In two weeks the ground-floor storage room became a custom dressing room closet and stylist's studio, plus a space for overnight guests.

Work Station

Tucked snugly beside the entry door, Alison’s sewing station can be completely partitioned off during fittings by grape-toned satin draperies.

Here's what else the couple and others suggest:

  • For smaller apartments, focus on space-saving furnishings and appliances, such as wall-mounted toilets and Murphy beds, says Marianne Cusato, author of The Just Right Home and designer of the tiny post-Hurricane Katrina cottage.
  • Tie plumbing into the main home's existing stacks to save since this is typically the biggest basement expense, says architect Duo Dickinson.
  • Focus on comfort and warmth. Go with carpet tiles or area rugs atop cold stone or concrete; insulate walls, ceilings, floors, and pipes, and use materials that won’t decay if wet, says architect Joe Eisen.
  • Consider a separate mechanical system and sound-proof it if located next to the apartment.
  • Install sufficient artificial light since natural light may be minimal; this may require upgrading your home’s electrical panel.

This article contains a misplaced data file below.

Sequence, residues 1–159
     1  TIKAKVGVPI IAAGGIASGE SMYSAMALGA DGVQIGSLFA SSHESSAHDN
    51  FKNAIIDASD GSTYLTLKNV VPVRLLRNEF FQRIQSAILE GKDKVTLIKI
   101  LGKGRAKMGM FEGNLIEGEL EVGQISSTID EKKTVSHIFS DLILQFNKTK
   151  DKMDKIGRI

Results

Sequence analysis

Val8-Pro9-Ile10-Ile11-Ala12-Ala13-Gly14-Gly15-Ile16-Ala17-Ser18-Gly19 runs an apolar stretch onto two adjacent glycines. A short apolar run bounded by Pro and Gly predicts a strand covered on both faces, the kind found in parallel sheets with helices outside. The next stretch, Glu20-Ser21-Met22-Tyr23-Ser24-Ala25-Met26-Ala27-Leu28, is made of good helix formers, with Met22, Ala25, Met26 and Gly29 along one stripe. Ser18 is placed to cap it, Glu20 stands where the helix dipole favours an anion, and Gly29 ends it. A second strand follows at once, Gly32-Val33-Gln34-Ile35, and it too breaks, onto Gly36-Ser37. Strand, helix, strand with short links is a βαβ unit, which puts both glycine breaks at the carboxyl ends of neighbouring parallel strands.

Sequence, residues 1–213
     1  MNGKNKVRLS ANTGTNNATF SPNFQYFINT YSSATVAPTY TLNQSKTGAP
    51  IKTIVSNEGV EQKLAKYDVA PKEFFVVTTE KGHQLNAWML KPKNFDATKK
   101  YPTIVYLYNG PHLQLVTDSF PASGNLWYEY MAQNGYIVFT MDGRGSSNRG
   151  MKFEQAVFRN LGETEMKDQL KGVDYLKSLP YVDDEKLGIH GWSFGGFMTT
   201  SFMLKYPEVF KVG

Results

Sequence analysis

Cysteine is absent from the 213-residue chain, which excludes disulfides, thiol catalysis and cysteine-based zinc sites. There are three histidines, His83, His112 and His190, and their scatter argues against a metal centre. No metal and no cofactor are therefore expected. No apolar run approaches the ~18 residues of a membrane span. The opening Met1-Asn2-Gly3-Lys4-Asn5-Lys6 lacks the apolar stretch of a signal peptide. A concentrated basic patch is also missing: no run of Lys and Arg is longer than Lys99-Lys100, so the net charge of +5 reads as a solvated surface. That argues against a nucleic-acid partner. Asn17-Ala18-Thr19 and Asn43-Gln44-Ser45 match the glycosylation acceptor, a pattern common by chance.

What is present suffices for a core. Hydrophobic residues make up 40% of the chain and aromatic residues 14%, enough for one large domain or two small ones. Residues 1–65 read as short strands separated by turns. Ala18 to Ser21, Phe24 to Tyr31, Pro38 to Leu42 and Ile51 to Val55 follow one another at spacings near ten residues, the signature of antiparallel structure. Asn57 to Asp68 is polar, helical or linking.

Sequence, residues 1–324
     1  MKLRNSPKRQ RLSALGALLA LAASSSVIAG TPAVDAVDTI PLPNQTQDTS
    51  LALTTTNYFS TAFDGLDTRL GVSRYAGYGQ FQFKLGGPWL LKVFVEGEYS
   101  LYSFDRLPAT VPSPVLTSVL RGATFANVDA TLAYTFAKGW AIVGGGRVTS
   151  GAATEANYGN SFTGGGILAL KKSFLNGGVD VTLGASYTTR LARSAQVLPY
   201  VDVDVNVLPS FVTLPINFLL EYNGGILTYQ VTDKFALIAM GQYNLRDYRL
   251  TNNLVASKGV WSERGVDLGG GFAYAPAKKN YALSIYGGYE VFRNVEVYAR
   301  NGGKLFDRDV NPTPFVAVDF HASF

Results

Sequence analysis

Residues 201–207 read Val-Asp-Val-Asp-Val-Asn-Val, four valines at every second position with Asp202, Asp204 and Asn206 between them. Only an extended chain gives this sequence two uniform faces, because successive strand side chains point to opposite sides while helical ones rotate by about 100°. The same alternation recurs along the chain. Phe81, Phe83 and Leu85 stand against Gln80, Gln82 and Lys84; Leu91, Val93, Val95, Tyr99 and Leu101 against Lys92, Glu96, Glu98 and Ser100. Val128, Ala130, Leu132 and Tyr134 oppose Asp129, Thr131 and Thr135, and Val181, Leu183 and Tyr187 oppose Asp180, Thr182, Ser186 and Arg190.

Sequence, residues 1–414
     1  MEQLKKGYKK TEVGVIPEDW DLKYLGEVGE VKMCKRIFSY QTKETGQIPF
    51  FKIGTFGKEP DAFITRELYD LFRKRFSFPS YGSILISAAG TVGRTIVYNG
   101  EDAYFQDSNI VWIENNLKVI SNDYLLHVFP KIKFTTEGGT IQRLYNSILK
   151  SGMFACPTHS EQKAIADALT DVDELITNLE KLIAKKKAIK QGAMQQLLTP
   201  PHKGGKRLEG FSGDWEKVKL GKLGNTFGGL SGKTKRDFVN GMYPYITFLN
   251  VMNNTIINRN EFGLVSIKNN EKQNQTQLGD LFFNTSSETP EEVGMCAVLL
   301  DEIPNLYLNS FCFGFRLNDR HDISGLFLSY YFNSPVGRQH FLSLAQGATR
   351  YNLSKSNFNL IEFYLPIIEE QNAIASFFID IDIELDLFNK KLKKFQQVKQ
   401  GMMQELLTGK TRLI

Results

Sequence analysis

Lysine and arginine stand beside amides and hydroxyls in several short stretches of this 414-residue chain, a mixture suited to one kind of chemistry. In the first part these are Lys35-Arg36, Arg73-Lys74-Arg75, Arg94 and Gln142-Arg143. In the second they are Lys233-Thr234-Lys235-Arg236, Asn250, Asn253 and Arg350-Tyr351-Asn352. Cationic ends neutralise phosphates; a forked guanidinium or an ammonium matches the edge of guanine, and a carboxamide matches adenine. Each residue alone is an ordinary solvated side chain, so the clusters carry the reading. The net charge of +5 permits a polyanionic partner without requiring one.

• Exposing ceiling beams and ductwork can look fine, says Bree Al- Rashid, managing broker at Redfin Corp; some actually prefer it to dated looking acoustical tiles.
  • If older relatives come to stay now or down the road, consider installing an elevator or at least having a space reserved for it. Though it can run $25,000, that's far less than an assisted care facility, says architect Aaron D. Murphy of ADM-Architecture and a Certified Aging in Place specialist for the National Association of Home Builders. Consider other universal design ideas: color contrasts when levels change, zero thresholds for showers, grab bars in tubs and by toilets, wider doorways, lower counters for wheelchairs to access easily, he says.
  • Think furnishings and surfaces that are easy to clean and maintain, so they'll wear well and look good after renting repeatedly.